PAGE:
And what a stage it is.  What rises to the surface, above every disappointment heaped upon heartbreak for every character, not just for Alma, is the utter loneliness braiding these characters together, and the way they soldier on in the name of survival.  For, of course, their fates are as connected as those of any Dickensian tale.  Also, pinging around the edges of the narrative are Darwin’s theories, after all.  Alma attempts to understand the human condition inside science, seeking to crack the code of what makes mosses, a microcosm of the natural world, work in order to understand people and the way they love.  There’s scientific genius in her, which a reader believes because Gilbert’s clearly done her homework, but Alma’s quest is also driven by her own aching heart.

It’s not a flawless tale, especially toward the end when we see where Gilbert’s headed with Alma, but the choices the writer makes for her are true to the story, or more to the point, true to the Alma with whom we’ve spent so many years.

For a few days now, I’ve been unable to pick up another book.  I’m still steeping in the delicious sting of Gilbert’s story, which I took my time to read because I knew I’d be sad when it was over.  I am.

Buy it in hardback.  Read it, but not too fast.  Alma’s yearning interior and lush exterior worlds will keep you up at night.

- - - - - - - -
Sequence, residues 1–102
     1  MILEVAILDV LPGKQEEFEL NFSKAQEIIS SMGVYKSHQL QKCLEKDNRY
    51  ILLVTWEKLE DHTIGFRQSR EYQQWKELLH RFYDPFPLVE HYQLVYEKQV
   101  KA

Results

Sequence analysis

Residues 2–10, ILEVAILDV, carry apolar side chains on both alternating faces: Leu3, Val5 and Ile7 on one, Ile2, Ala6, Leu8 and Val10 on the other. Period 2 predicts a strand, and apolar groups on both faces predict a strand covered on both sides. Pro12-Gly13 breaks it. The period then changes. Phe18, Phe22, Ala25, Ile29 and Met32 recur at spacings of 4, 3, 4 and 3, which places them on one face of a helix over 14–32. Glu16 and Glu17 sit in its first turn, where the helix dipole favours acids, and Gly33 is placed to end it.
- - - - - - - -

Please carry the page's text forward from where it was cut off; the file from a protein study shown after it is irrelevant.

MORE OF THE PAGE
A few reviews are here if you still don’t believe me.

Barbara Kingsolver in The New York Times

Elizabeth Day in The Guardian

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Categories: book review, books, fiction, publishing, writing | Tags: , , , , , , | 4 Comments

chicken in space

Before I began the glamorous work of becoming a writer, I was a high school teacher.  I worked in several high schools over the years, doing everything from teaching English to driving the van for science field trips, but my favorite job was my first (and longest) in Bishop, California.  One of many small towns flanking the high desert of the Sierra Nevada range, Bishop is on the highway between Los Angeles and Reno, and many view it as nothing more than a place to stop and get gas before they go skiing at Mammoth Mountain.

But I loved it there.  In fact, I never intended to leave.  Until I fell in love and then I did leave, but that’s another story.

Bishop Union High School is a small place filled with a band of passionate teachers, most of whom have chosen to work and live in the Owens Valley for a certain way of life.  Pretty much anything you want to do outdoors is at your feet there.  Bishop has Mule Days (a whole weekend devoted to celebrating the mule; it’s fantastic; you must put it on your bucket list), world-class fishing and rock climbing, hot springs, and a rich history of conservatives and liberals working to get along.  I could go on.  Someday I’ll move back.